Thinking Orthodox in Modern Russia
Culture, History, Context
Surprising insights into how Orthodox religious thought shaped modern Russia
Thinking Orthodox in Modern Russia illuminates the significant role of Russian Orthodox thought in shaping the discourse of educated society during the imperial and early Soviet periods. Bringing together an array of scholars, this book demonstrates that Orthodox reflections on spiritual, philosophical, and aesthetic issues of the day informed much of Russia’s intellectual and cultural climate.
Volume editors Patrick Lally Michelson and Judith Deutsch Kornblatt provide a historical overview of Russian Orthodox thought and a critical essay on the current state of scholarship about religious thought in modern Russia. The contributors explore a wide range of topics, including Orthodox claims to a unique religious Enlightenment, contests over authority within the Russian Church, tensions between faith and reason in academic Orthodoxy, the relationship between sacraments and the self, the religious foundations of philosophical and legal categories, and the effect of Orthodox categories in the formation of Russian literature.
“Perhaps no Russian social class has been more colorfully and crudely pigeonholed than the ‘ecclesiastics’—from the nihilistic seminary student through the village priest, exotic sectarian, and high-ranking but obscurantist religious bureaucrat. This path-breaking volume corrects the picture with fascinating unexpected histories: of a Russian Orthodox Enlightenment, of miracle-verification in a Marxist era, of academic churchmen developing theism out of Kant and legal philosophers insisting on a religious base for human dignity, of Pushkin (and Pasternak) read through a sacred lens and Vladimir Solov’ev through a liberal one. A treasure-house of solid research and intellectual rigor, in which we see the believing Russian mind working together with the Russian heart.”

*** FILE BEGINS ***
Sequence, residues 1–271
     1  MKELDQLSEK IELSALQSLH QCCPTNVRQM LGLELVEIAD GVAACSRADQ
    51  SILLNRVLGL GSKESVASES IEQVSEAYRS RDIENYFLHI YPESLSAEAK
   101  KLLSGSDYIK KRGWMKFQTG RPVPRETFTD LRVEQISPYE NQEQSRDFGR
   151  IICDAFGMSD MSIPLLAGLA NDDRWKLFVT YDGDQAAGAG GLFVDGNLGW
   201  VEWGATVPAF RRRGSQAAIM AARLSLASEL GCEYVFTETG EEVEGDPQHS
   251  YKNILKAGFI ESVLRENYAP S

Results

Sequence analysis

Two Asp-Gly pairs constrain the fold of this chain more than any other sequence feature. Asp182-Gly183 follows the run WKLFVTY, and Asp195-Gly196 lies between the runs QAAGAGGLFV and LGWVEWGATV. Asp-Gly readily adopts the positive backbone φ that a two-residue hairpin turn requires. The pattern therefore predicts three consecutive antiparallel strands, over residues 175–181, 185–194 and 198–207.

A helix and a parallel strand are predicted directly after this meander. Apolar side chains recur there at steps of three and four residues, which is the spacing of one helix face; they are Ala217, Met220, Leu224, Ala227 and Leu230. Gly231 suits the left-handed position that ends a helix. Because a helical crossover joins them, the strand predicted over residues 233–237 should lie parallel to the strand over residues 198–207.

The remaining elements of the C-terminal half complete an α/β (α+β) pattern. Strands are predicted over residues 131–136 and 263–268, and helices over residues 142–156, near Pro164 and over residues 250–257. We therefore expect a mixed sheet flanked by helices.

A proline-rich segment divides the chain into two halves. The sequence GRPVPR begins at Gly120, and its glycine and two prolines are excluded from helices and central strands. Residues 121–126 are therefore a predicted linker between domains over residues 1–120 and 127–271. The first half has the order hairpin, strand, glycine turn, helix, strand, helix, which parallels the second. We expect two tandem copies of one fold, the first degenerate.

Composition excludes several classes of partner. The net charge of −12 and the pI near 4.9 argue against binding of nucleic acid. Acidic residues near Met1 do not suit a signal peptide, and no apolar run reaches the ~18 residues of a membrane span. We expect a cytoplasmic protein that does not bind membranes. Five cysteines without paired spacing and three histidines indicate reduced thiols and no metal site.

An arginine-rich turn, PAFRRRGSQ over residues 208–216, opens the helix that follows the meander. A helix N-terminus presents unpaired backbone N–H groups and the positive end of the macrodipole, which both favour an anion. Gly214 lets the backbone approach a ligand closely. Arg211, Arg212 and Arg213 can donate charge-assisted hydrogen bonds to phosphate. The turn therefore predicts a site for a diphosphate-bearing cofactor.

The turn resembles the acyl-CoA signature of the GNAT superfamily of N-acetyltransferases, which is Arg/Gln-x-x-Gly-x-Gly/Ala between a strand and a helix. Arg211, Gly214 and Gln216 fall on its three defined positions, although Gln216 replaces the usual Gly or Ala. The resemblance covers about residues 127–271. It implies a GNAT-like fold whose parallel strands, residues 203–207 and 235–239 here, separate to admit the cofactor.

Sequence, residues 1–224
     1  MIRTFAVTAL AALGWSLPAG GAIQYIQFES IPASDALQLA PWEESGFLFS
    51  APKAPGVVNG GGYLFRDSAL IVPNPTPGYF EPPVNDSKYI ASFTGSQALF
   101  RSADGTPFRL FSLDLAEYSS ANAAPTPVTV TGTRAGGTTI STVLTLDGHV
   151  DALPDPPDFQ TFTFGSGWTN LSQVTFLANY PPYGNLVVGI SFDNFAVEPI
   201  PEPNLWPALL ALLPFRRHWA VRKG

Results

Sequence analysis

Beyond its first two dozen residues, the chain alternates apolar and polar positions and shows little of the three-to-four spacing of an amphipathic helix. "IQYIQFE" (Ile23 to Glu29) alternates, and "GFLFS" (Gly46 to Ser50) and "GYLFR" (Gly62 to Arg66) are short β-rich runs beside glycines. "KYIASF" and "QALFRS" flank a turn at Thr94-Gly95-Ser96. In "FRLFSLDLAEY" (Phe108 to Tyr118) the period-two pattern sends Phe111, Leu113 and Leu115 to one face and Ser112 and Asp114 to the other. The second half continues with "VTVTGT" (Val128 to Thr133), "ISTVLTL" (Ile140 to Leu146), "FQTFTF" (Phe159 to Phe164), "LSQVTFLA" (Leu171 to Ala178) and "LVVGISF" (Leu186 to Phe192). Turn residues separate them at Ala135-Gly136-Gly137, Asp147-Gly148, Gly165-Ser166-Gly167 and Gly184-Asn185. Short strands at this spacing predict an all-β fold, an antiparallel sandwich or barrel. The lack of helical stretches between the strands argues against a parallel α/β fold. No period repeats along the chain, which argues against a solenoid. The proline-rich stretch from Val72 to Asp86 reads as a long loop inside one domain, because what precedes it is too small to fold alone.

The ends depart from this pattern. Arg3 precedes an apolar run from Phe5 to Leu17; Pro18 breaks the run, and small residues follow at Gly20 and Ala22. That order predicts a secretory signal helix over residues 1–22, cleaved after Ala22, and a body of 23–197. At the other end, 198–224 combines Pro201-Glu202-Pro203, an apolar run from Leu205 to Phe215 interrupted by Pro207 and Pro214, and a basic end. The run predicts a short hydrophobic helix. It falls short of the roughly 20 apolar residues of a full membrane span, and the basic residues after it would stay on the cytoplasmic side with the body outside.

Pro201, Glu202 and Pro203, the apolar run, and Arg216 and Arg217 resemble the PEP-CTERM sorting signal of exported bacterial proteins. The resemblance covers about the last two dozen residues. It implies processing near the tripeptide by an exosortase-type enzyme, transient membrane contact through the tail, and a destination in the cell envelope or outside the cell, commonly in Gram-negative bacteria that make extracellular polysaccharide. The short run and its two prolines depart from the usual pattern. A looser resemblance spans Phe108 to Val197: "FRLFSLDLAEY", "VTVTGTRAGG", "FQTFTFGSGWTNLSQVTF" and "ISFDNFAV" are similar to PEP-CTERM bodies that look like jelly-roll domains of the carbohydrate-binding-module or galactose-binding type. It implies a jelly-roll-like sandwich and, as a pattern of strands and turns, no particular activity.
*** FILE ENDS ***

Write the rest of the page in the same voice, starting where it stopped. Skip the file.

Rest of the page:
—Caryl Emerson, Princeton University
“Whereas scholarship has focused on Church history, the clergy, and popular Orthodoxy, it has largely neglected Russian religious thought. This volume examines leading figures, from Platon (Levshin) to Pavel Florenskii, as well as critical issues, such as Imiaslavie and miracles; its impressive erudition, original research, and critical rethinking of key texts and figures make this a major contribution to our understanding Russian Orthodoxy.”
—Gregory Freeze, Brandeis University
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LC: 2013027991 BR
316 pp. 6 x 9